If Gene Cheek's memoir, The Color of Love: A Mother's Choice in the Jim Crow South (Lyons Press, 258 pp., $22.95), were made into a movie of the week, his mother Sallie Tucker would be the earthy, blond, working-class heroine. She defied the conventions of her time and place (early 1960s Winston-Salem, N.C.), first by rescuing herself and her son from her abusive, alcoholic husband, and then by following her heart into a relationship with a profoundly decent black man and giving birth to their child. Sadly, real life rarely delivers a feel-good ending. Sallie's former in-laws and her own family allied against her, and brought a custody suit for 12-year-old Gene that forced her to choose between him and her mixed-race infant. Mother and son were torn apart. The meddling families were more interested in punishing Sallie than in caring for an adolescent boy, so Cheek spent his teen years in the custody of the state.
Cheek is a novice writerthe jacket blurb calls him a "blue-collar son of the South"but he very effectively describes the pain of his own experience, as well as the cultural and legal brutality that caused it. He conveys the hurt bafflement of a child ("Could things get any stranger than this?") as he recalls the hypocrisy and violence that surrounded him. His book works as a chronicle of the cruelty of the bad old days, but it's also instructive to consider Cheek's story in light of current debate about who makes a fit parent, and what defines a family. Laws to restrict marriage and adoption by gays may someday be as universally despised as the antimiscegenation laws that deprived Cheek of his mother.
Barbara Katz Rothman's Weaving a Family: Untangling Race and Adoption (Beacon Press, 274 pp., $26.95) is an altogether happier book, written from Rothman's unique perspective as both a respected sociologist and the white, Jewish mother of an adopted African American child. Although she touches upon the wider phenomenon of cross-cultural adoptions (e.g., the wave of Chinese infants being brought to the U.S.), she is primarily concerned with exploring the distinct issues around whites raising black children. Rothman argues that there is no place in the real world for idealistic "color-blind" parenting. For her, the color bar is still a firm boundary in American society, and anyone who takes responsibility for a black child had better be prepared to help that child cope.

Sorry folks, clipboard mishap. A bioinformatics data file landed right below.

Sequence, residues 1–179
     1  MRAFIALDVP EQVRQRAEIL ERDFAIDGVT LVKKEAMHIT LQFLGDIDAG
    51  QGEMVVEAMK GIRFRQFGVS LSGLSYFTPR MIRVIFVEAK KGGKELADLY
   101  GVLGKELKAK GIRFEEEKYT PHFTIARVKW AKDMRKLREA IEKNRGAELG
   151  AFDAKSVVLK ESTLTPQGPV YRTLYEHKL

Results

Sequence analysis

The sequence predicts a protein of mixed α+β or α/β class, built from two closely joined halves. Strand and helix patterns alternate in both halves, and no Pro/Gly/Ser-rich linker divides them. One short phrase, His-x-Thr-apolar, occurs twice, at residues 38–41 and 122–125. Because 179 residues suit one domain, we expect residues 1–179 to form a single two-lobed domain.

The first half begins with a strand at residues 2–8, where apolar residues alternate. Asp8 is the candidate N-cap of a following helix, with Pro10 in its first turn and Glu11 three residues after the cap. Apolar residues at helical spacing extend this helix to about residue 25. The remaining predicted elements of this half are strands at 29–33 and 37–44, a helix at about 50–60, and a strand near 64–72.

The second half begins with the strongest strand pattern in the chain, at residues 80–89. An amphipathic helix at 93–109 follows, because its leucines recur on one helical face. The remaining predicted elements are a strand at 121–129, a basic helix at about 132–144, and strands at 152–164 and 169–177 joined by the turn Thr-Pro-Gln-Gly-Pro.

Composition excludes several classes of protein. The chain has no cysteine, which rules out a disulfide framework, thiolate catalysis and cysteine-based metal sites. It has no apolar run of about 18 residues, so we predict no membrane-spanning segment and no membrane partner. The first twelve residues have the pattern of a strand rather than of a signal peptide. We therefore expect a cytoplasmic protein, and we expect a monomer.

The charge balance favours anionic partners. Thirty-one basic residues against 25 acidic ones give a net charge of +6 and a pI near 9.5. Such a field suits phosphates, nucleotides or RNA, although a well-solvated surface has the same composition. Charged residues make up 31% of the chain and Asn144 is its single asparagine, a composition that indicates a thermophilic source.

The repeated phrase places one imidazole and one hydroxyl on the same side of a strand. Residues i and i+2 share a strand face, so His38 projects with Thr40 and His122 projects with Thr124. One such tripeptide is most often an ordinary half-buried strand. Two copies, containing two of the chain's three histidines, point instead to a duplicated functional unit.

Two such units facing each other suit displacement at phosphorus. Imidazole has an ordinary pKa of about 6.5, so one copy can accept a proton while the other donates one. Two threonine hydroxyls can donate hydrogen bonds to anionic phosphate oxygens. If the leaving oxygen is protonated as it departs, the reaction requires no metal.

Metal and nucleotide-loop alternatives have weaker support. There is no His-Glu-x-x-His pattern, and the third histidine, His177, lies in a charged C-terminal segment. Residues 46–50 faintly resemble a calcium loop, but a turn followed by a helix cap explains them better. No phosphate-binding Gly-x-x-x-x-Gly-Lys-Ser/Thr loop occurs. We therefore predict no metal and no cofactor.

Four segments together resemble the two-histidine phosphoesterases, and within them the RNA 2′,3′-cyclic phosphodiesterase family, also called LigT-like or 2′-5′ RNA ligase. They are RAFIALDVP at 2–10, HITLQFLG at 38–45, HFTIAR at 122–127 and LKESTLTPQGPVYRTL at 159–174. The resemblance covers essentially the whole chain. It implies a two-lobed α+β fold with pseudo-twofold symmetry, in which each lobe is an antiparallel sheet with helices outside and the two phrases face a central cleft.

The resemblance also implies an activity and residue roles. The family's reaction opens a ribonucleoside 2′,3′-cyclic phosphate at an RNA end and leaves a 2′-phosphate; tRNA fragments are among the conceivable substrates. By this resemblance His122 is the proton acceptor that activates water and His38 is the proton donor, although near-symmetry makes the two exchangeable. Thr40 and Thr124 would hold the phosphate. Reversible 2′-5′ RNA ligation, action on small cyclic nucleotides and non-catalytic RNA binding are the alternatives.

Rothman the academic takes a clear-eyed, unsentimental look at the motivations of those who choose to adopt children of a different race, describing how such children fill various roles including "pet," "protégé" and "trophy." She also provides a fascinating dissection of the way consumerism infects mothering in this inescapably consumerist culture. Rothman the mom is equally unsentimental about her own experiences, but her stories are filled with humor and great love for her child. A chapter on learning how to do black hair ("Someday I'm going to go to the moon and the only other person there will be a black woman with a comb, a jar of grease, and a story") is bound to be a revelation for many white readers. Weaving a Family offers potent evidence that love and honesty, not denial, are the best tools for transcending racism.
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